To improve the audio quality of any lecture capture system, I recommend a wired or wireless microphone system like Revolabs HD for the presenter.  Do not use the shotgun microphone built-in to the camera or camcorder.  You should also consider the room acoustics and background noise in the room which may adversely affect the recordings.  Close the doors, windows, and shades, and discourage students from entering or leaving the classroom during the recordings.  Some schools use lighted “ON AIR” or “RECORDING” signs to remind students to keep quiet.

Distance Learning a.k.a. e-Learning

In addition to recording classroom sessions, many schools and universities also simultaneously broadcast their classes to a remote audience who may be in another building across campus, or online anywhere in the world.  Just like the students in the classrooms, the remote students will have questions and comments for the presenter, which can be relayed instantly using chat windows, video conference codecs, or even a unique Twitter hashtag (i.e. #CS2430Fall2011).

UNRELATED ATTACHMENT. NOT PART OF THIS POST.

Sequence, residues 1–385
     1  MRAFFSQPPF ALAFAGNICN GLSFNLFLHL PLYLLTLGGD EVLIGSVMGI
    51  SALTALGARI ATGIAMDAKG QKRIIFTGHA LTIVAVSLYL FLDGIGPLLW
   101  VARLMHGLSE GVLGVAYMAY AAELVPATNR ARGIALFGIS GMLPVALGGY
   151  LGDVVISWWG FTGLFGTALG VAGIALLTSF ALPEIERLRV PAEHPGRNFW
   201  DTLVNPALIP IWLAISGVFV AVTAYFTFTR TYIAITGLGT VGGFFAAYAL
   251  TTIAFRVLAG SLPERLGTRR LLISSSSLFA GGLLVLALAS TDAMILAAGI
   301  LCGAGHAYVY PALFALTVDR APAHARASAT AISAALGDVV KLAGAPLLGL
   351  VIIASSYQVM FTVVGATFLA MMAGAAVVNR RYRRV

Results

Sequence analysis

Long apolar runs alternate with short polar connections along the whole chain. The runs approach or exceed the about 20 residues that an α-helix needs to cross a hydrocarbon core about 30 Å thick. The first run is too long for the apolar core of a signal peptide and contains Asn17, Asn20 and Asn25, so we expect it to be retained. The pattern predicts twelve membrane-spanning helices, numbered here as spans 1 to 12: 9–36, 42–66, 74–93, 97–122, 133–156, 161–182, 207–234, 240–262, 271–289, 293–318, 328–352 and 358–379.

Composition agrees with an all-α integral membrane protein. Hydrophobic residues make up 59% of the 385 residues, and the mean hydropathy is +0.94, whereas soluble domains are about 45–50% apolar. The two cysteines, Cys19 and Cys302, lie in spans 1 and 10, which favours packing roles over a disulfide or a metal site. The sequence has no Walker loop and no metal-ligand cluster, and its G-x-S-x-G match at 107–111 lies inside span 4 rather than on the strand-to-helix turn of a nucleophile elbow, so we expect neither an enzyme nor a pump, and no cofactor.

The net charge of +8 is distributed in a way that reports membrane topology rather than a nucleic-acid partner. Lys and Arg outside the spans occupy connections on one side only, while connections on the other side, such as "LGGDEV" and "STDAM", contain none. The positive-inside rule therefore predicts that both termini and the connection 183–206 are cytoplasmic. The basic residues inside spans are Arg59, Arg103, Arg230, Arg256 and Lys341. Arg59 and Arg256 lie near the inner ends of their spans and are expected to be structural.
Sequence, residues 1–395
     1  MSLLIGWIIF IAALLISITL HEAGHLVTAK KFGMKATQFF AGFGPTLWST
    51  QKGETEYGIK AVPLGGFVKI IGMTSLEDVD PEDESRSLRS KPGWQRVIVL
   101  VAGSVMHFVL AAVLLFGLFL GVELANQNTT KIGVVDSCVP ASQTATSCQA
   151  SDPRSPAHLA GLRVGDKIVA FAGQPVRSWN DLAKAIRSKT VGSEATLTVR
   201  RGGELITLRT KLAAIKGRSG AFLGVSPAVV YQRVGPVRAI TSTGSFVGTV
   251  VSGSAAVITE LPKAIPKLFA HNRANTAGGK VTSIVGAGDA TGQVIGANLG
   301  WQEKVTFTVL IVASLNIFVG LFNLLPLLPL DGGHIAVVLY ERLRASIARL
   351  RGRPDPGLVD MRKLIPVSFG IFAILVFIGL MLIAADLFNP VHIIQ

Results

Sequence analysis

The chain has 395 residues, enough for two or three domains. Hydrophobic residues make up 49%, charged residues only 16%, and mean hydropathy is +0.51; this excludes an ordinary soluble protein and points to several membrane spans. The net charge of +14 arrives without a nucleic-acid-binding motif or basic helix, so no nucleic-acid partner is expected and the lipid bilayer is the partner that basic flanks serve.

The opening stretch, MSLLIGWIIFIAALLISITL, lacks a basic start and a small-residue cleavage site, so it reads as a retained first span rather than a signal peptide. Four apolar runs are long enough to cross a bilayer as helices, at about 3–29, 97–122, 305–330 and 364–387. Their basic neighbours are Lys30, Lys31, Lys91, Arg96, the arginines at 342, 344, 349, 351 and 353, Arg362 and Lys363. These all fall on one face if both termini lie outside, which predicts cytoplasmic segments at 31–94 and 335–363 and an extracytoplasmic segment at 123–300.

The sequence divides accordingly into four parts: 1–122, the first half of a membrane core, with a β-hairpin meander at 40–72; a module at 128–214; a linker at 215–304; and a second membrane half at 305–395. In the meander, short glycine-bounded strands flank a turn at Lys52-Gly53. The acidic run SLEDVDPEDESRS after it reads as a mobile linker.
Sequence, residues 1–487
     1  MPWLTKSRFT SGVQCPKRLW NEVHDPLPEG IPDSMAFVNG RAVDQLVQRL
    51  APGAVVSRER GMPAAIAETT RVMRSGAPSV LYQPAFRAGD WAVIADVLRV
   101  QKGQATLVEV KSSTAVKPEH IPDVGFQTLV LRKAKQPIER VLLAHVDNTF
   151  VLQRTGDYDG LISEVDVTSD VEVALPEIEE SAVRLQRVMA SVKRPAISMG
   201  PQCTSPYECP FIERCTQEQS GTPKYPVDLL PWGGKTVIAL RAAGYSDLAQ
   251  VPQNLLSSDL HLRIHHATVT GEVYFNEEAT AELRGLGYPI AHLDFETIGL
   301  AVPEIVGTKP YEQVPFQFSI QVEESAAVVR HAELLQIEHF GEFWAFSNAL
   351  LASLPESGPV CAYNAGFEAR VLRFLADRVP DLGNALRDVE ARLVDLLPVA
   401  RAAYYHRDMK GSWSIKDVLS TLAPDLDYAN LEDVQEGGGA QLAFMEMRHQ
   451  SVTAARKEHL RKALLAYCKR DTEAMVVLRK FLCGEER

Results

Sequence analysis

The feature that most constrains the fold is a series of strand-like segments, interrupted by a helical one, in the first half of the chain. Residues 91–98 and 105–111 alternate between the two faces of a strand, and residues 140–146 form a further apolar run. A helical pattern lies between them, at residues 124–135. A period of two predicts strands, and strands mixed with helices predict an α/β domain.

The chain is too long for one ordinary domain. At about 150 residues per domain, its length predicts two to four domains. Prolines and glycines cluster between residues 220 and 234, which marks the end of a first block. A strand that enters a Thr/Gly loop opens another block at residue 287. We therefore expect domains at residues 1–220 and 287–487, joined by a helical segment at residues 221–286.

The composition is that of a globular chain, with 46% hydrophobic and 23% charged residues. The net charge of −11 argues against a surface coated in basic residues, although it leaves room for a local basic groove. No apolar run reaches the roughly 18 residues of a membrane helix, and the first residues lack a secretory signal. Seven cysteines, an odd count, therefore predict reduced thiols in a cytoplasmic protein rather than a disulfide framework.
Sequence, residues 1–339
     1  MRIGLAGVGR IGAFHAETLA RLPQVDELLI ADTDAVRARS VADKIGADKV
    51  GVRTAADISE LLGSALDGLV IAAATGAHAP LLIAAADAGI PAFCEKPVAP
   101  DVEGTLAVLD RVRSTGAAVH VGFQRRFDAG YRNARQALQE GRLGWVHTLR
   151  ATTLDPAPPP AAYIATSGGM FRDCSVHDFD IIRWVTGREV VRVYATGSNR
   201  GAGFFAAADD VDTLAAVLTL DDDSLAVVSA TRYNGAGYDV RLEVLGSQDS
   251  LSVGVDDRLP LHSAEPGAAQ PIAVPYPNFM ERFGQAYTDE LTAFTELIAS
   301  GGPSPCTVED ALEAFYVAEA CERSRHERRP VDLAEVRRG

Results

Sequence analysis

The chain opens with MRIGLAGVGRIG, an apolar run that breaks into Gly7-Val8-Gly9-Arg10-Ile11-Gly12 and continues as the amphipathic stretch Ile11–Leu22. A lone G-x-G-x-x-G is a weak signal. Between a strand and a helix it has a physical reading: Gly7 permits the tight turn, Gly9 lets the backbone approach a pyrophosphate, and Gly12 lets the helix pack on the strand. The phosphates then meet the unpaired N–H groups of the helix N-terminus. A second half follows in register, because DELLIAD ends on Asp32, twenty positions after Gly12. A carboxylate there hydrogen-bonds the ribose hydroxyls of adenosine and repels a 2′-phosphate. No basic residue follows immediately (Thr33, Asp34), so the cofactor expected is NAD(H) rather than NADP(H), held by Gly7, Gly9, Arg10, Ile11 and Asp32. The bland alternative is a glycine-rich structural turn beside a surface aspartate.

Distance Learning Classroom with PTZ cameras

Modern Distance Learning Classroom

Ideally, the distance learning classroom includes additional cameras and desktop microphones to capture the student responses, but this can be quite expensive and difficult to install.  If student microphones are not provided, the instructor will need to repeat the students’ questions or comments to the remote audience.  And if a student can not attend the live lecture, he or she can download the lesson later to their personal computer, tablet device, or smartphone.   Imagine taking a college course while on the bus, a plane, or staying at a ski lodge?

The goal with distance learning is to provide remote students the same opportunities and learning experience they would receive in the actual classrooms.  The more you can improve the acoustics, lighting, and quality of the recording, the more remote $tudents you will enroll.

Collaboration Tools